The first task of the educator when intervening in disruptive behaviour is, with composure, to reassure the child that they are safe, are being heard and that their feelings are valid (Souers & Hall, 2016). The educator must calmly engage with the child until the child can revert back to a regulated state, which may take time, involve sitting silently together, walking around the room, or talking to the child about something they enjoy (Souers & Hall, 2016). It is only then that the educator can explore a child’s feelings and discuss alternative, appropriate ways of exhibiting their feelings (Souers & Hall, 2016). Whilst educators may believe the behaviour displayed was inappropriate, they must remember their role is not to control the actions of the child but rather influence the child to engage in alternative and appropriate behaviours (Souers & Hall, 2016). Educators must also understand that the young child is potentially struggling with events in their lives that most educators would be unable to comprehend or be fully aware of (Souers & Hall, 2016). Empathy in these moments is essential. Also, early childhood educators need to be prepared to try multiple different approaches with individual children as each child will respond differently to various interventions (Souers & Hall, 2016).
Souers and Hall (2016) suggest fear is often a driving force behind decisions educators make when intervening, or not intervening, in the aggression or disruptive behaviour of a child. It is however, going to take time and repeated calm and confident interventions to establish trust with the child, and to establish a routine and strategy that calms the child and returns them to a regulated state. The more a child reacts to situations within the group, the more opportunities educators have to identify triggers, to determine possible situations that distress the child, and what strategies can be implemented permanently within the program both as activities, and with regard to relationships between educators and child.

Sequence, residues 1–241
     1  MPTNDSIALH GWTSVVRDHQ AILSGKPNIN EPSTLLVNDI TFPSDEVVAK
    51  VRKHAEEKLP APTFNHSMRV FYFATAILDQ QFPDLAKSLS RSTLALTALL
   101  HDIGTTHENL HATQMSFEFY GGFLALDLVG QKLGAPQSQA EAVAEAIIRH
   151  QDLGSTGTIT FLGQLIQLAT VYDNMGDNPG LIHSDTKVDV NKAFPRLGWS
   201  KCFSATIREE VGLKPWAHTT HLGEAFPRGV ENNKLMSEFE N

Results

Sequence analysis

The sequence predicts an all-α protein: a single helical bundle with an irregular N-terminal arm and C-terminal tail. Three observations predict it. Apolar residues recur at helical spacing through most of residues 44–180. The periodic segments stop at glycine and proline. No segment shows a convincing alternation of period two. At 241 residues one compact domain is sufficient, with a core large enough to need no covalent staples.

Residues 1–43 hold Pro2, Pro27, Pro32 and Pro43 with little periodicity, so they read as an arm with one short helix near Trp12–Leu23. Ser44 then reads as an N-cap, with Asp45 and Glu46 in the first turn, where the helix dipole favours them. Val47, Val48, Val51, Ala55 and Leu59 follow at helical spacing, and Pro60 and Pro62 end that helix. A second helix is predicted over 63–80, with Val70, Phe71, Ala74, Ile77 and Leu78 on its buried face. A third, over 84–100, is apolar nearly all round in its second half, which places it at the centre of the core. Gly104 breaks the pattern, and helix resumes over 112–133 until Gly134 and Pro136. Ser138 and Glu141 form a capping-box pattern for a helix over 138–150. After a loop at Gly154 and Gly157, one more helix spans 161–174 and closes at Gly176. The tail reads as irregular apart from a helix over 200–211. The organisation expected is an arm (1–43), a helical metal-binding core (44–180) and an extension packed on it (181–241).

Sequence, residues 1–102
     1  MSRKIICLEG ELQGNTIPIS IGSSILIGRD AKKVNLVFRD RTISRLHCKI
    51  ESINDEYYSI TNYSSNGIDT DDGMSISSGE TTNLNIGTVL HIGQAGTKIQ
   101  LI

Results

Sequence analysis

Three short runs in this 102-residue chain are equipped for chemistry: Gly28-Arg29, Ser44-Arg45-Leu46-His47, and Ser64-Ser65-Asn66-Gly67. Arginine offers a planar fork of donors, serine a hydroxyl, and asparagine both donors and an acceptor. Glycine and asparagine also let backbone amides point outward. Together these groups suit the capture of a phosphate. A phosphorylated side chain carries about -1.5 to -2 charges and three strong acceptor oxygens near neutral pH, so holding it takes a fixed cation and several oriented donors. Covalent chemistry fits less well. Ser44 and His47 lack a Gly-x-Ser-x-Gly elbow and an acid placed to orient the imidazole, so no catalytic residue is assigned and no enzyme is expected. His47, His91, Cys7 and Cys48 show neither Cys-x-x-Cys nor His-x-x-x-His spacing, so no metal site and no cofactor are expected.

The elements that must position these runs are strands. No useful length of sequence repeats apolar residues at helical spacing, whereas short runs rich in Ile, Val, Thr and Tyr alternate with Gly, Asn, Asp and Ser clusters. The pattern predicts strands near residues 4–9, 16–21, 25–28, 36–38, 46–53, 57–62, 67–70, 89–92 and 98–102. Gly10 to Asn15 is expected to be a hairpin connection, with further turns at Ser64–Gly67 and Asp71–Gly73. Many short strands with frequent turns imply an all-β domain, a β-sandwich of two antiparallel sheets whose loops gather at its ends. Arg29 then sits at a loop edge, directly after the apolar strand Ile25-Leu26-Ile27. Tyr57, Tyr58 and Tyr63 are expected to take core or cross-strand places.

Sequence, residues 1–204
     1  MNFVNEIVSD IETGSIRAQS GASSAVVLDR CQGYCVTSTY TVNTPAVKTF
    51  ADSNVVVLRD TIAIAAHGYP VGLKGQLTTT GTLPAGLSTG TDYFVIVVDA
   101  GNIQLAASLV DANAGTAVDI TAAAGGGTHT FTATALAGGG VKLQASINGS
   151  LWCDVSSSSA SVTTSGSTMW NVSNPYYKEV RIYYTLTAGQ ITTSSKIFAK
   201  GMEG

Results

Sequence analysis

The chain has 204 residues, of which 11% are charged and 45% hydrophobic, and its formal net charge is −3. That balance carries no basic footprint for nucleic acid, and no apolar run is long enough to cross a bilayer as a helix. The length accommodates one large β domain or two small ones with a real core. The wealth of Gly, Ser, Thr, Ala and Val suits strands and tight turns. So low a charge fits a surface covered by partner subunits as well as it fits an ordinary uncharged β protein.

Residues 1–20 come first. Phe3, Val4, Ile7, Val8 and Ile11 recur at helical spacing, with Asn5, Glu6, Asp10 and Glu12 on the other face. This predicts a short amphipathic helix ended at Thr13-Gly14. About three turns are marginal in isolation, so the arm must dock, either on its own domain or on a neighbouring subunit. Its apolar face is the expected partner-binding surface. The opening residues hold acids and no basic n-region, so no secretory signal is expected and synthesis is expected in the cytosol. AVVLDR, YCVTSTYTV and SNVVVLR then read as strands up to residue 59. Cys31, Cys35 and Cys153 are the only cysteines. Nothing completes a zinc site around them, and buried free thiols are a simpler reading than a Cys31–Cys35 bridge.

Commonly, children who are known to be disruptive, unpredictable and/or are unable to regulate their stress and emotions are labelled as difficult, challenging, and disruptive amongst educators. It is pivotal that educators change the lens with which they view or label children who are impacted by intrafamilial violence and focus on the positive influence that they can have on the child’s early years. Educators must however be sure to take care of their own mental and emotional health in order to be the best educator for the children in their program.
It is possible for educators to develop ‘compassion fatigue’ when working with children who have been exposed to traumatic experiences such as intrafamilial violence, and it is imperative that educators seek support and assistance if they feel emotionally or mentally impacted by their educator role (NCTSN, 2008). Signs that indicate an educator may have compassion fatigue include, impatience and irritability with children in their care, poor concentration, constant thoughts and/or dreams about a particular child’s situation, and difficulty undertaking the duties of their educator role (NCTSN, 2008). Counselling should be sought by any educators impacted by compassion fatigue, either from a professional, or with colleagues (NCTSN, 2008).
As discussed above, witnessing abuse and/or violence as a young child can have detrimental effects on a child’s development and wellbeing. Emerging reports indicated that 2020 was a year where rates of domestic and family violence increased. Consequently, it is crucial that as educators we engage in the sometimes uncomfortable and confronting conversations about the visible and invisible effects of domestic and family violence with others, including peers and parents. Critically, we need to advocate for, and be aware of all children impacted by domestic and family violence, directly and/or indirectly and keep their safety and wellbeing at the forefront of our endeavours.
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Jodi Dorney is an early childhood educator from Victoria, currently completing a Doctor of Education at CQUniversity. My interest and advocacy for children impacted by intrafamilial violence results from many years working in various early childhood education settings. The focus of my current research is on the impact of intrafamilial violence on children in early childhood. Through exploring early childhood educators’ knowledge regarding the impact of exposure to intrafamilial violence on a developing child, I aim to develop a professional teaching resource prototype that supports early childhood educators to effectively identify, respond to, and support children impacted by intrafamilial violence.
This article appears in Professional Voice 14.1 Assessment, technology and the impact of social concerns.